UNITED STATES of America, Appellee, v. Pedro ARRELLANO-GARCIA, Appellant.
Pedro Arellano-Garcia appeals his conviction for conspiring to distribute over 500 grams of methamphetamine. Arellano-Garcia argues that the district court 2 erred when it (1) denied his motion to dismiss under the Speedy Trial Act and (2) denied his motion for judgment of acquittal. We find no merit to either of these contentions and, accordingly, affirm.
I. FACTUAL BACKGROUND
In September 2003, Somsock Senlouangrat (“Sock”) and Daosadeth Keophounsouk (“Dao”) were traveling in a car on Interstate 29 in Iowa. A Monona County Sheriff's Deputy stopped the car for a license-plate violation. The deputy found two pounds of methamphetamine inside; Sock and Dao were arrested. The two admitted their involvement in drug trafficking and agreed to cooperate in identifying the source of their drugs.
Sock and Dao were then placed in the custody of Special Agent Scott Garland of the Drug Enforcement Administration. They informed Agent Garland that a telephone number stored in Sock's cellular telephone belonged to their supplier, an individual named “Pedro.” Sock and Dao then made several tape-recorded telephone calls to Pedro. In the last of these telephone calls, Dao informed Pedro to meet him at a hotel in California; the meeting was a set-up in order to arrest Pedro, but DEA agents failed to arrive in time to make the arrest.
On September 24, 2003, Sock, Dao, and Arellano-Garcia were indicted in the Northern District of Iowa. Arellano-Garcia was apprehended shortly thereafter at the United States/Mexico border and was transferred to custody in Iowa. Sock was released on bond pending trial, but absconded and has not been located; Dao and Arellano-Garcia were both detained prior to trial at the Fort Dodge Correctional Facility.
While on pre-trial detention, Dao received several notes from Arellano-Garcia. Dao made two of those notes available to law enforcement, including one containing threats against Dao should he testify against Arellano-Garcia and promises to help him if he would change his testimony. Arellano-Garcia also told two other inmates at Fort Dodge that he had provided the methamphetamine to Sock and Dao and that he had written the notes to Dao.
II. PROCEDURAL BACKGROUND
Arellano-Garcia was arraigned on November 3, 2003. His trial did not commence until June 20, 2005, however, because of delays occasioned by several pretrial motions. The longest such delay arose out of Arellano-Garcia's May 10, 2004 motion in limine seeking to exclude the notes he had written to Dao. The district court granted that motion on June 11, 2004, and the Government filed an interlocutory appeal of that decision on June 17, 2004. On June 18, 2004, the district court stayed proceedings as to Arellano-Garcia, pending this Court's decision on the interlocutory appeal.
On January 24, 2005, this Court issued its judgment reversing the district court's ruling on the motion in limine. For reasons not disclosed by the record, however, the mandate did not issue until April 29, 2005. The district court received the mandate on May 2, 2005, and promptly set a June 20, 2005, trial date.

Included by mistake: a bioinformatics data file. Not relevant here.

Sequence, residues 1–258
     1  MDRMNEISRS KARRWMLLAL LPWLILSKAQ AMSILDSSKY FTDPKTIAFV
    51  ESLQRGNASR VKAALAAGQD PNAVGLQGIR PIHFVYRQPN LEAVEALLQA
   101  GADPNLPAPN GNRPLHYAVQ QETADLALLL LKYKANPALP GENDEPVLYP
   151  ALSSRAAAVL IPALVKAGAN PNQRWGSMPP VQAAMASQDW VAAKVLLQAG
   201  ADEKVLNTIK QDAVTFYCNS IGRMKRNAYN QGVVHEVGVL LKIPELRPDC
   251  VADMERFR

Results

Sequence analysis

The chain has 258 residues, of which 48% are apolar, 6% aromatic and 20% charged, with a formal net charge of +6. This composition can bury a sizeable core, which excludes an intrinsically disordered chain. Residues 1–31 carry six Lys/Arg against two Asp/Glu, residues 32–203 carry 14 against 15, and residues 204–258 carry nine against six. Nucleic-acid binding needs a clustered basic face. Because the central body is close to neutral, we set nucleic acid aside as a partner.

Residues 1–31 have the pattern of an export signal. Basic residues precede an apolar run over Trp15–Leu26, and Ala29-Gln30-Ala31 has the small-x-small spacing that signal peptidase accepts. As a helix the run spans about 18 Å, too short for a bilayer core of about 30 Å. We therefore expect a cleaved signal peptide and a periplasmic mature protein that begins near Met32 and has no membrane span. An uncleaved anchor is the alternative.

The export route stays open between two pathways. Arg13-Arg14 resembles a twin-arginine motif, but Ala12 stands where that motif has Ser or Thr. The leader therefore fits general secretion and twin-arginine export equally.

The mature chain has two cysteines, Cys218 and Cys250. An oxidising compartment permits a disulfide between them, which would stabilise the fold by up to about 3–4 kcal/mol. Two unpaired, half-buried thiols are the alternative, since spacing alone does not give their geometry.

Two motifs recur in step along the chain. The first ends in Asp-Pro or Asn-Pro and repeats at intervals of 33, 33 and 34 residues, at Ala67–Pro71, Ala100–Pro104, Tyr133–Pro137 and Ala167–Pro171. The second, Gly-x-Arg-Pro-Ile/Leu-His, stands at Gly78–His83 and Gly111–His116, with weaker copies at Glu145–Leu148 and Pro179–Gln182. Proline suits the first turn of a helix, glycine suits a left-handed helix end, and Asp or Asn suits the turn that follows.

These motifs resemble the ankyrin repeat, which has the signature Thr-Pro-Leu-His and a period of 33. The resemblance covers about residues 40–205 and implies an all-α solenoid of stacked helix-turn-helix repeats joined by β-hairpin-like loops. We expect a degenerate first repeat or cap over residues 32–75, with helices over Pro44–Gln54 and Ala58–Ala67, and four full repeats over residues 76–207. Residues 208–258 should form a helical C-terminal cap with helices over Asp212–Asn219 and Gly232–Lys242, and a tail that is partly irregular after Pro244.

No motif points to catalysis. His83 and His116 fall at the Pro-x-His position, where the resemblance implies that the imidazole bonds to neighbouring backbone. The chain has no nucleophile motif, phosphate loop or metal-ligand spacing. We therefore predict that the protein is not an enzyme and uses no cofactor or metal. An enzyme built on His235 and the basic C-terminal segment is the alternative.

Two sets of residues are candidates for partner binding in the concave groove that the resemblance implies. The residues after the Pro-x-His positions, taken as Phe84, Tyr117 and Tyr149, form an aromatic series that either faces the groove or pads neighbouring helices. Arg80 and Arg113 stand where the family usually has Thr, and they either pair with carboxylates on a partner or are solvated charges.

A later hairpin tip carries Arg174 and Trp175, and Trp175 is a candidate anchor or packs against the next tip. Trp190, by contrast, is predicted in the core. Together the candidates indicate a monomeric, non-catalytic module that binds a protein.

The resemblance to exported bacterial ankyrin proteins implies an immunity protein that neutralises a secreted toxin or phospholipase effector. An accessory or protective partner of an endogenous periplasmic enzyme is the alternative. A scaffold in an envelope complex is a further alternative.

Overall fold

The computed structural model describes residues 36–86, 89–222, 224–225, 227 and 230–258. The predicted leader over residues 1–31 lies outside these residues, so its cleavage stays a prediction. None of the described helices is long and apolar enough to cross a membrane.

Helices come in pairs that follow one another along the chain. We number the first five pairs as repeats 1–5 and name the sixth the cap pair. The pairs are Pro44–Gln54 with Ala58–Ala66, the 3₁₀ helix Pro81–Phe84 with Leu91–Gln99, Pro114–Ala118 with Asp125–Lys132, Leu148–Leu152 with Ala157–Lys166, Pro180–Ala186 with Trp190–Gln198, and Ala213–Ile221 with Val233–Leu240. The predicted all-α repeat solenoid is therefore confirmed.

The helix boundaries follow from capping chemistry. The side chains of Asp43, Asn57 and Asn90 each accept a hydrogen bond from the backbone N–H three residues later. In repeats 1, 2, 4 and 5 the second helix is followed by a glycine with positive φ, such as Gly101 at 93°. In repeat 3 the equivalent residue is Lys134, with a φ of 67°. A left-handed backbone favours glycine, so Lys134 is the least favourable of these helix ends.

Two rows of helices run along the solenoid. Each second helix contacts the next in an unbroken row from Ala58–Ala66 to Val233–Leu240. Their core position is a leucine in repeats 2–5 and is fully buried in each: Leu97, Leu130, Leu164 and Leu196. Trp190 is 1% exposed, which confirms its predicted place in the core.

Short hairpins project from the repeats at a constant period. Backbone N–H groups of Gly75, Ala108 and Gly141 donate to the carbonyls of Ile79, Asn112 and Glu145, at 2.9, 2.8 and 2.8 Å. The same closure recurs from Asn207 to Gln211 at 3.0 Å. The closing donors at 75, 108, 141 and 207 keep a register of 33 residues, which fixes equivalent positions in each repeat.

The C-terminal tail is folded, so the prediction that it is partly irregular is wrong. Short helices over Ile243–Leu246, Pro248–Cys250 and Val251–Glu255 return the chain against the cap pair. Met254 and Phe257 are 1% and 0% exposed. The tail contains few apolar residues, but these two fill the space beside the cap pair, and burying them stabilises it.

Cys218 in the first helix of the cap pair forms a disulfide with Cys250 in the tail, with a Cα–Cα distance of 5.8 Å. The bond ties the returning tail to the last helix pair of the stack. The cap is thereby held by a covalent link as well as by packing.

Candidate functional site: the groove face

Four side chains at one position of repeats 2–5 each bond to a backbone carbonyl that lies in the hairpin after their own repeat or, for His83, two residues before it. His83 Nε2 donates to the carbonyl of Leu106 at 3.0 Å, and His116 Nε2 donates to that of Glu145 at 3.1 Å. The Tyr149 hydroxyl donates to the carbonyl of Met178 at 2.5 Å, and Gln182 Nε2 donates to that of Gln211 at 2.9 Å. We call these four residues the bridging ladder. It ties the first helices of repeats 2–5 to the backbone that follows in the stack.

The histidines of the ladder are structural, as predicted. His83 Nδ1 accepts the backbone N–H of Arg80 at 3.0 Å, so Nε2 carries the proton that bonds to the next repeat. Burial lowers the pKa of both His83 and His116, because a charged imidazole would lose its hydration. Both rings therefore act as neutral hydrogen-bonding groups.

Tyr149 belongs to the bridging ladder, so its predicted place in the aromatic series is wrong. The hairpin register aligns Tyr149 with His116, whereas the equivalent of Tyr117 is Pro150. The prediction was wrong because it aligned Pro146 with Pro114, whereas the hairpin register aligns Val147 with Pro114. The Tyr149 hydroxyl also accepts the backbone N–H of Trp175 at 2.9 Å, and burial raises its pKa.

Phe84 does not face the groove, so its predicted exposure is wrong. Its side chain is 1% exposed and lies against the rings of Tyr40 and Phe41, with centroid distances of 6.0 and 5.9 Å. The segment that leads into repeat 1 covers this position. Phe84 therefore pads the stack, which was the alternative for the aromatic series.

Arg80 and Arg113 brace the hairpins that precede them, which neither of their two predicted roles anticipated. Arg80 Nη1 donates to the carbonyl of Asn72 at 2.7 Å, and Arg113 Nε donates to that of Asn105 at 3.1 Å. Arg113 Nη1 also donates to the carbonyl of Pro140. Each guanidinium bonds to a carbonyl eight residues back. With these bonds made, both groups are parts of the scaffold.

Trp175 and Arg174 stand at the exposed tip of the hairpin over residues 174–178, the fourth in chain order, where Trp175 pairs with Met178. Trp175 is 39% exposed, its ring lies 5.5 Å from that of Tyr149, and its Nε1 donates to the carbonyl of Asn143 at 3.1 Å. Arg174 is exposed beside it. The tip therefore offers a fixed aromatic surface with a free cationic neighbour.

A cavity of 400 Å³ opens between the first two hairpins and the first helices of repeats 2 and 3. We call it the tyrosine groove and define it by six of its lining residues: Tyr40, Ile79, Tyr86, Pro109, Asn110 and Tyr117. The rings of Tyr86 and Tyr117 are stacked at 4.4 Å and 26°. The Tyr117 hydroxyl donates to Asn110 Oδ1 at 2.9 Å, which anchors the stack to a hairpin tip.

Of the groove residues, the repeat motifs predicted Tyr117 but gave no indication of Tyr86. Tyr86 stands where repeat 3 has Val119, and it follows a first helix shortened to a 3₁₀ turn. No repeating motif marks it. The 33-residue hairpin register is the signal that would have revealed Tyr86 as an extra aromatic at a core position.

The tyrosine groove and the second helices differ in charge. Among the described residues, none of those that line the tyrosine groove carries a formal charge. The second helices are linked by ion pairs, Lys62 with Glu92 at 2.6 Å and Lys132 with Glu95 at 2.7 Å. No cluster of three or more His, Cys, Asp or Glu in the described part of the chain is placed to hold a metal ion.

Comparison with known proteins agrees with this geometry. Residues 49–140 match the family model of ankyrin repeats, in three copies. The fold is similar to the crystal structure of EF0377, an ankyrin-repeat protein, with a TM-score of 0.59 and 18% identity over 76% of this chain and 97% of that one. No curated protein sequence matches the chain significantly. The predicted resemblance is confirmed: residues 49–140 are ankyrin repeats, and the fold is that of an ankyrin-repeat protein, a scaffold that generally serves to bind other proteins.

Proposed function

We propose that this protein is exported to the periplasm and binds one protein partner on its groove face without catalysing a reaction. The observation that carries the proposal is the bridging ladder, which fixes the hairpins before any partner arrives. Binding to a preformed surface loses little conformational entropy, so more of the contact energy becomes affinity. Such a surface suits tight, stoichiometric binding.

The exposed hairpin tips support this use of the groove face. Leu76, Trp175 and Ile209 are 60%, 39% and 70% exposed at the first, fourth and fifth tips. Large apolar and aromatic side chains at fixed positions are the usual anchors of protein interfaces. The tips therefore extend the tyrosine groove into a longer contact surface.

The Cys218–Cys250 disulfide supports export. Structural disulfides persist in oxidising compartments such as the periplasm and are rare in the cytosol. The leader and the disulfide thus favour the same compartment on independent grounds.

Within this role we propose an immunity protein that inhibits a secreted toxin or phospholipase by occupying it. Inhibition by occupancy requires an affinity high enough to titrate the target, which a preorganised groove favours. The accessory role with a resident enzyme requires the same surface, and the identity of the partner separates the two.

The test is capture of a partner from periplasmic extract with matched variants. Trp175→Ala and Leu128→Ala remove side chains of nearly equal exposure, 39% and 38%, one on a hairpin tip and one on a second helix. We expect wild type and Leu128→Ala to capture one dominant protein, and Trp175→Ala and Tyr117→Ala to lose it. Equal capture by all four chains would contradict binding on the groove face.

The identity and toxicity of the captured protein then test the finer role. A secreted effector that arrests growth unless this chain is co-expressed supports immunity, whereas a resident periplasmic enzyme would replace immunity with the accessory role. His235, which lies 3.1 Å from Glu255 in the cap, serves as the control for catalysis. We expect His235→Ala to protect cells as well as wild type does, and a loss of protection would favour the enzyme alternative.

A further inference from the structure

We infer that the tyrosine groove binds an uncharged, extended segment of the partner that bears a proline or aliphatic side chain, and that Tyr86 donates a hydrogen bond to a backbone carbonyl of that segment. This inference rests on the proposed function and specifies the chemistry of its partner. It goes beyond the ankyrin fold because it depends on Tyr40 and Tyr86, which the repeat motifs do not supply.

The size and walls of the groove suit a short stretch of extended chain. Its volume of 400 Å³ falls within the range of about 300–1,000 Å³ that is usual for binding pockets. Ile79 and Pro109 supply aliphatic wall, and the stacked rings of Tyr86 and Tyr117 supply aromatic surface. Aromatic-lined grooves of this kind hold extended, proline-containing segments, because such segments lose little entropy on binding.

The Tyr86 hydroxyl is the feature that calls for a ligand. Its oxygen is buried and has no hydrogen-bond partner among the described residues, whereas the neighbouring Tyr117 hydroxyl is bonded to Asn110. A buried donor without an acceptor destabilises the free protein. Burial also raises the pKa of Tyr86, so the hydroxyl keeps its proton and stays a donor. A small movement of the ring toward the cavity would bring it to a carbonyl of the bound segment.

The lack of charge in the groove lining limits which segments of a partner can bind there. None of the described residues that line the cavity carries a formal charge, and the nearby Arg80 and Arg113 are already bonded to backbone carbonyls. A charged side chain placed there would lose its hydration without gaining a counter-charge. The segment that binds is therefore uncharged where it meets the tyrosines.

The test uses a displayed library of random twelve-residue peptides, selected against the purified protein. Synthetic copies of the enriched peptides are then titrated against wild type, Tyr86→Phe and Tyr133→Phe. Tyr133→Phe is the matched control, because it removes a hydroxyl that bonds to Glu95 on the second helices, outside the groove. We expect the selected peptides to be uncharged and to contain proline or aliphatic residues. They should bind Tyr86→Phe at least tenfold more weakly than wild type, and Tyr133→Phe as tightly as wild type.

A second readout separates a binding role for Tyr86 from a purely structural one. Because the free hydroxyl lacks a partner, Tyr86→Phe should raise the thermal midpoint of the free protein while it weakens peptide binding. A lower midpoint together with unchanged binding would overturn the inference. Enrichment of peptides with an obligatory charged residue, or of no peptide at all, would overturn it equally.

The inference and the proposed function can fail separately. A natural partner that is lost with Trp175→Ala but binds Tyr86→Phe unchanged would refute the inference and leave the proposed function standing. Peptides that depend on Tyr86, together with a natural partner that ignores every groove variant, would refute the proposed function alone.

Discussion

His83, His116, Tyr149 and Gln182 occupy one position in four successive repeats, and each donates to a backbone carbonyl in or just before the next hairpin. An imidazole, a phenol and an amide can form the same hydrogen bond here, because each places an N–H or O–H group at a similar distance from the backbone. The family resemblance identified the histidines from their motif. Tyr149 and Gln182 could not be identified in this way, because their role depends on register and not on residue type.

On June 13, 2005, Arellano-Garcia moved to dismiss the indictment, alleging that the Speedy Trial Act had been violated. The district court denied that motion on June 17, 2005. Trial commenced on June 20, 2005; during the trial, Dao identified Arellano-Garcia in open court and testified that Arellano-Garcia supplied the drugs that were in his and Sock's possession when they were arrested. On June 23, 2005, the jury returned a guilty verdict. This appeal followed.
A. Speedy Trial Act
The Speedy Trial Act, 18 U.S.C. § 3161, requires a defendant's trial to commence within 70 days of the latter of (1) the filing of the indictment or (2) the defendant's arraignment. 18 U.S.C. § 3161(c)(1); United States v. McKay, 431 F.3d 1085, 1091 (8th Cir.2005). If a defendant's rights under the Speedy Trial Act are violated, the indictment must be dismissed. Id. However, the Act excludes certain delays from the 70-day calculation, such as those occasioned by pre-trial motions or interlocutory appeals. 18 U.S.C. § 3161(d), (h).
In ruling on Arellano-Garcia's motion to dismiss, the district court concluded that only 49 includable days had elapsed from Arellano-Garcia's arraignment to his trial. Arellano-Garcia argues that the district court improperly excluded four time periods when calculating how much speedy-trial time had elapsed.3
Arellano-Garcia first argues that the district court improperly excluded the period from November 7 to November 25, 2003. On November 6, 2003, the district court entered an Order setting a plea hearing for Dao. In that Order, the district court (properly) excluded from Dao's speedy-trial calculation the time period from November 6, 2003, to the date of the plea hearing. See 18 U.S.C. § 3161(h)(1) (excluding delays resulting from “proceedings concerning the defendant”). Dao actually pled guilty on November 25, 2003. Accordingly, the period from November 6 to November 25, 2003, was excludable as to Dao. And, because “exclusions of time attributable to one defendant apply to all codefendants,” United States v. Patterson, 140 F.3d 767, 772 (8th Cir.1998); accord United States v. Jones, 801 F.2d 304, 316 (8th Cir.1986), this period was also excludable as to Arellano-Garcia.
Arellano-Garcia next argues that the period from February 14 to May 2, 2005, should not have been excluded. As discussed above, on January 24, 2005, this Court issued its judgment reversing the district court's ruling on the Government's motion in limine. Arellano-Garcia had until February 7, 2005, to petition the Court for rehearing, see Fed. R.App. P. 40(a)(1), but he did not do so. Accordingly, the Court's mandate should have issued on February 14, 2005. See Fed. R.App. P. 41(b). For reasons not disclosed by the record, however, the mandate did not issue until April 29, 2005, and was not received by the district court until May 2, 2005. Arellano-Garcia argues that the period from February 14, 2005-when the mandate should have issued-to May 2, 2005-when the mandate was actually received-should not have been excluded by the district court. We disagree.